By: Susan Dugdale | Last modified: 06-19-2019 | First published: 08-01-2007
Most of us don't consider voice health until we lose it. We open our mouths to speak and 99% of the time we do so with ease.
However for a large and growing number of people 'speaking easy' is something they no longer take for-granted.
If you're a teacher, a call center worker, a coach, a radio journalist, a professional speaker, a singer, an actor, a sales-professional or involved in any other type of work relying heavily on voice, you'll know how much depends on keeping it healthy and stress-free. You'll also know how difficult that can sometimes be.
A thorough warm up routine before using your voice for any extended time rewards you twice over. Firstly you minimize the possibility of straining/stressing your voice and secondly, it helps channel any nervous tension positively.
The best warm up routine involves exercises for your body, breath and voice. All three are covered on this page of vocal warm ups.
Allocate at least 5 -10 minutes to prepare before you are required to start work.
Your voice directly reflects the quality of your breathing.
Small shallow breaths will result in a higher pitched and squeezed sounding voice. As well as that, poor breathing habits increase the likelihood of vocal stress and heighten any anxiety you may feel.
Here are two
highly effective breath exercises with multiple variations that I know will really help. Do them and you'll sound better, as well as feel better!
Are you standing or sitting well? Are your breath and your voice supported fully? If you slouch both are compromised, and you'll lose power physically and psychologically.
Keep hydrated! The recommended water intake is 8 glasses a day. You need it to keep your vocal equipment in optimum working condition. Think of it as the lubricant.
Caffeinated drinks - tea or coffee, and alcoholic beverages actually speed up dehydration rather than slowing it down.
It is not normal to talk, and talk, and talk endlessly. Where there are natural places to pause or rest in your presentation, take them.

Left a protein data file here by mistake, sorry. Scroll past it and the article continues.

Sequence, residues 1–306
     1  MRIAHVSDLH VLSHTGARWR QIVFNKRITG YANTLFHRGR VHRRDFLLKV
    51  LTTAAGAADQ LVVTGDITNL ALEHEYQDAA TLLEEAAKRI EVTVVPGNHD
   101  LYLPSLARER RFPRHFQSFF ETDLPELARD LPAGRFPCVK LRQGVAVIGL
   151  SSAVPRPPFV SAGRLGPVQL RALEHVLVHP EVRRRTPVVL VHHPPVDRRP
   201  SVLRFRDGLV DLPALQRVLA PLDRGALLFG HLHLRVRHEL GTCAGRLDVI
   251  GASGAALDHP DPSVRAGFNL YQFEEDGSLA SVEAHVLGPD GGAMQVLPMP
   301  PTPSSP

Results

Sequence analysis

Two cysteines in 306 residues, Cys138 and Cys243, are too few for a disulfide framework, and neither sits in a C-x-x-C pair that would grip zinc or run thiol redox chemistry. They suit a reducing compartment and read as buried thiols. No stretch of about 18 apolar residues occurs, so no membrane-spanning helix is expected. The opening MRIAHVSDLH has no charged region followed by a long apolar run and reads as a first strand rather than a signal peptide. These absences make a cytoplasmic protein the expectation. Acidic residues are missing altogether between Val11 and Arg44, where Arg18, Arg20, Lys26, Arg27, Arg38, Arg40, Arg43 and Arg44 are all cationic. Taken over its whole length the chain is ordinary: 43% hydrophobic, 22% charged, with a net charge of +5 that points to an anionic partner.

Rather than attempt to fill a large space by speaking loudly, be kinder to yourself and get wired up.
If you can, move away before you speak.
If you're a teacher or a trainer establish a 'hush' signal. Wait for silence, and then speak.
I know from experience constantly competing to win the right to be heard over any background noise will stress your voice, and your nerves.
If you do, and you do it without proper vocal training, you'll damage your vocal cords. Screaming, shouting or cheering excessively makes you hoarse!
Speaking either too high or too low for any length of time without training will cause damage. You'll feel the strain in your throat.
This too causes strain. You'll feel it in your chest.
A good solution is learn the art of pausing. Not only will you give yourself time to breathe properly, but you'll add a lot more expression and meaning to your words. I promise!
Constantly 'a-hemming' places an enormous stress on your vocal cords, as does excess laughing, coughing, or sneezing.
Going to work to talk all day, when you already ill (maybe from speaking too much), will compound your problems. Take the time to get well.
After an extensive review of freely available material on voice health, I've selected the four resource sites below. They are excellent starting points if you have ongoing concerns.
Work hoarse is an in-depth exploration of the voice health issues faced by those who depend on their voice for a living. It comes from the UK based health and safety Hazards Magazine whose journalists have won major awards in the UK and America.
You'll find check-lists, resources, references, discussions of work place risk factors and more. Although published in 2004, its content is ever-green; sound enduring commonsense.
The Voice Academy is devoted entirely to teaching teachers about caring for their voices.
If you're not a teacher, don't let that put you off!
This is treasure trove of information applicable to all using their voice in daily professional life.
The site is a authoritative collaborative response to voice problems from among others, the National Center for Voice and Speech and The University of Iowa.
As the Home Page says the 'Voice Academy' is:
'A no-cost, self-directed, virtual school built for the vocal health of U.S. teachers.'
Once you enter the site you'll find a well organized series of presentations covering all angles of voice health.
As their web site says:
"The British Voice Association (BVA) is the 'voice for voice' in the UK, an association of multi-disciplinary professionals who work to promote the field of voice in its broadest sense."
They offer a range of excellent free downloadable resources about a number of voice conditions and issues. Eg: Coping with colds, The voice and ageing, The voice clinic who's who, Muscle tension dysphonia and more.
Voice care for teachers - The UK based National Education Union has compiled a useful article to help teachers fully understand what they need to do to care for their voices.
As they say:
"The nature of the job, coupled with a frequent lack of voice training, means that teachers are at considerably greater risk than most other groups of employees of experiencing vocal problems at some point in their careers."